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IPO makes VA Linux instant $10bn company

But one can't help starting to wonder why...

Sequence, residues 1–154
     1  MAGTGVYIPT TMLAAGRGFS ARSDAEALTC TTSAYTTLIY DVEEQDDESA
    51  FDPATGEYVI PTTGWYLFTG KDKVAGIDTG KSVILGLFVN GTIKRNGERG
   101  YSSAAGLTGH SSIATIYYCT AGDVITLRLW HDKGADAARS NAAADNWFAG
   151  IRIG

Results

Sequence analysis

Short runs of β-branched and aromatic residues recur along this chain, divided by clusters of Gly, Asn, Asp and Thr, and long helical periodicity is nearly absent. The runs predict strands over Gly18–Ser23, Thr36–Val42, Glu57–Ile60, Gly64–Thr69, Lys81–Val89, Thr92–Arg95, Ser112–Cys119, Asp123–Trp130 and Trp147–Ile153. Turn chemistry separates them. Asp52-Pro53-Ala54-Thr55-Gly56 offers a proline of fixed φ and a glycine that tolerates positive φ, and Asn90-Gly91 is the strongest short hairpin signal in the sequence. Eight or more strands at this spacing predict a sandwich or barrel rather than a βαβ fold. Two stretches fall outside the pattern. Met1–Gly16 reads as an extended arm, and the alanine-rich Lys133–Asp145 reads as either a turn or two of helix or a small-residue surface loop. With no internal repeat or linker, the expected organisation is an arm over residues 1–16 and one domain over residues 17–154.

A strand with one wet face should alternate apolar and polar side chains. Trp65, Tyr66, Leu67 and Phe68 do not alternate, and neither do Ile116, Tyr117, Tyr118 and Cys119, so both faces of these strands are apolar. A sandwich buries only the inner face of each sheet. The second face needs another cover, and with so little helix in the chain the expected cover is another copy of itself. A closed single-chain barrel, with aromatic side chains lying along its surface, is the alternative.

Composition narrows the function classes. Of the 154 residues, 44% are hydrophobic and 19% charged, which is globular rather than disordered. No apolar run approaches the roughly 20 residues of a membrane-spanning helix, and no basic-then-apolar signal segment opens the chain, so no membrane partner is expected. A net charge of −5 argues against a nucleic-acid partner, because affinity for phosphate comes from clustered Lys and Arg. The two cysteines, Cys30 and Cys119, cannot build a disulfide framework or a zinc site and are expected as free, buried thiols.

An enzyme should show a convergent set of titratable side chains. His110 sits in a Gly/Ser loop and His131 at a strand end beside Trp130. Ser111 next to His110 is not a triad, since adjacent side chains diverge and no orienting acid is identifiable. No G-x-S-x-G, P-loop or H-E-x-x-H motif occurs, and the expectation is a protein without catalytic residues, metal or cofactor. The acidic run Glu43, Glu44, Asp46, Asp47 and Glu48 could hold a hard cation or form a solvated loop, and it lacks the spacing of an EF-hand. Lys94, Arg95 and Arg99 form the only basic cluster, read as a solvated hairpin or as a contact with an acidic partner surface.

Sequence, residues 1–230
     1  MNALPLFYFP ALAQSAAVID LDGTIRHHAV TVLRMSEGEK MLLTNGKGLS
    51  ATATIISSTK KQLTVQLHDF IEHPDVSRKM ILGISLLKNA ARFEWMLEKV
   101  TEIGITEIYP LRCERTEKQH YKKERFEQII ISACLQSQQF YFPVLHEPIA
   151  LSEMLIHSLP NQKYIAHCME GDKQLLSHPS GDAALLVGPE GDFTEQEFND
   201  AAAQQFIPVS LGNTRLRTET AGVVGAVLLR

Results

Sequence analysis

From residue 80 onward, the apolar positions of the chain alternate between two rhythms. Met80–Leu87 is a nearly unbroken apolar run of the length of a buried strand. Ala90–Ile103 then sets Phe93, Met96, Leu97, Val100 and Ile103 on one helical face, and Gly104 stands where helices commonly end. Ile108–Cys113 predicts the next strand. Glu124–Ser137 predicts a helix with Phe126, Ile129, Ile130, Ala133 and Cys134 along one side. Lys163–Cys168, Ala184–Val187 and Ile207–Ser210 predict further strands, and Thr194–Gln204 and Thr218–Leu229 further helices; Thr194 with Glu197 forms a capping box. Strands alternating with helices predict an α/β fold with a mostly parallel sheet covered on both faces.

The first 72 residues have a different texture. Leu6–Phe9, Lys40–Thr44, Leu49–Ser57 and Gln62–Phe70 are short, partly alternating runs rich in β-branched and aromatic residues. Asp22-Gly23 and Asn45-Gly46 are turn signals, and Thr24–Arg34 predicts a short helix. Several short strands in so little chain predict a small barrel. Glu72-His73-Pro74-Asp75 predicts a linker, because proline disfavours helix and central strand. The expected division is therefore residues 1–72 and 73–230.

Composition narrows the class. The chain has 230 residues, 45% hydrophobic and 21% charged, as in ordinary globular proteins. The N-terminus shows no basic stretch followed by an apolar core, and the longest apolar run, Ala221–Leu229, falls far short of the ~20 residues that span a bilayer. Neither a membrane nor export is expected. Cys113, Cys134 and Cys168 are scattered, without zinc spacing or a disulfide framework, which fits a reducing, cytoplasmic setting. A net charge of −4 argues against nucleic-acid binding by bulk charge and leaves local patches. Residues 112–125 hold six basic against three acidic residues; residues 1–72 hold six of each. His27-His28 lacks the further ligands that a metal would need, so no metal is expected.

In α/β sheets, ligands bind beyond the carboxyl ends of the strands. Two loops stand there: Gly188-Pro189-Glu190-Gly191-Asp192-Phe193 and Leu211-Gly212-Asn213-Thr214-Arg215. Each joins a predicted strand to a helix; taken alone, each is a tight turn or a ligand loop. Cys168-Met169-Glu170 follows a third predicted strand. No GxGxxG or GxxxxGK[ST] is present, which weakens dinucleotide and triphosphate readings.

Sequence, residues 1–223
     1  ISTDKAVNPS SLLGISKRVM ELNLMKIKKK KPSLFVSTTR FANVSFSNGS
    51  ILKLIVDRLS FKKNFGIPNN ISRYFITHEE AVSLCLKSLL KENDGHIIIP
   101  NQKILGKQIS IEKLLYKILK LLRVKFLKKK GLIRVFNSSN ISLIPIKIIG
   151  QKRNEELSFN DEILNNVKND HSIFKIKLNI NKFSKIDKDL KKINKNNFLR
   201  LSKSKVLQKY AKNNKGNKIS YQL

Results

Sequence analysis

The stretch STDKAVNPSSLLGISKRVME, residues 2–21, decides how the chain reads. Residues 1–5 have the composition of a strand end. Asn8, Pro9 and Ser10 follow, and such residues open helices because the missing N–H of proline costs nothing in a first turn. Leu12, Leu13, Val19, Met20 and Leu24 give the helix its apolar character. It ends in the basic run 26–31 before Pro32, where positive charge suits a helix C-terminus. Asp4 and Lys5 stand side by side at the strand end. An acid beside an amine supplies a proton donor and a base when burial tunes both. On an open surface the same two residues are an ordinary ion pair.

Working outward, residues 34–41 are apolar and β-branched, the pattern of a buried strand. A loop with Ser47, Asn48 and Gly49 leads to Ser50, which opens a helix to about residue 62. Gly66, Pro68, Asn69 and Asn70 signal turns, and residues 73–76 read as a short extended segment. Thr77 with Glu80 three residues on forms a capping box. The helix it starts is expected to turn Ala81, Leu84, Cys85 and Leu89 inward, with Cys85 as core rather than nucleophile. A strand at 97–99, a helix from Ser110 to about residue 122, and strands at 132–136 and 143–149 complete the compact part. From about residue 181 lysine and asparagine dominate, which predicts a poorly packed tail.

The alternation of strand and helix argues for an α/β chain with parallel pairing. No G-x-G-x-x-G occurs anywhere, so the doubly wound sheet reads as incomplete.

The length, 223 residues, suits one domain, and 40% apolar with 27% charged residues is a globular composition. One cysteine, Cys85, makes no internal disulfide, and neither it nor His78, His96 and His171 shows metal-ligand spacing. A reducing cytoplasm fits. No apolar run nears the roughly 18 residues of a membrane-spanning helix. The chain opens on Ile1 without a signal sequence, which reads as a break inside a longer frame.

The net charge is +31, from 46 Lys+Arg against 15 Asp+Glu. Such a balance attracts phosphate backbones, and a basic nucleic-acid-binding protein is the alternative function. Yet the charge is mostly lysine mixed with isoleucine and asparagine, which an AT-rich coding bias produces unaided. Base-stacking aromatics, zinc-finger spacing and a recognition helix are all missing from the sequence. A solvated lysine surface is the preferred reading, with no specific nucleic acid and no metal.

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Yesterday's VA IPO turned into the biggest Linux hit yet, with the company's stock at one point zooming 800 per cent over the debut price of $30 a share. And that $30 had been a revision of a revision - VA Linux Systems' offer price had already been yanked up a couple of times in anticipation of greater demand than, er, anticipated. The stock fell back slightly (relatively speaking, anyway) later, but still left lucky company operatives dripping with virtual lucre. VA closed with a market cap nudging $10 billion, CEO Larry Augustin's stake and options make him worth $1.7 billion, and company director, general-purpose guru and "corporate conscience" Eric Raymond tells us in Linux Today this morning that he's now worth around $36 million. Eric* says it won't change his life, and anyway, he's the least rich of the director shareholders. VC backers Sequoia are the most rich, and Intel is sitting fairly pretty on a reasonable-sized VA share pile too. But when Linux IPOs are getting to this kind of level we're clearly approaching the point where worries about the bubble bursting are going to start to emerge, in the same way as they did with Internet stocks. Sure, Internet IPOs still tend to do well, but there's a general consensus that a some point there's going to be a reckoning, and the bigger Linux IPOs get, the sooner scepticism will start to set in. A quick reality check of VA, for example, gives us net revenues to 29th October of just under $15 million, and an operating loss of over $10 million. Eric Raymond alone is "worth" more than the company's total net assets, according to the balance sheet. So how exactly (or indeed, even approximately) will a company of this size justify a valuation in the region of $10 billion? How indeed... * Eric, bless him, says he might get a new mobile phone, a flute, cable Internet access and "maybe a nice hotrodded match-grade .45 semi for tactical shooting." Ah, the youth of today... Once upon a time the nouveau riche destroyed themselves in orgies of drugs, smashed hotel rooms and Rolls Royces in swimming pools. ®

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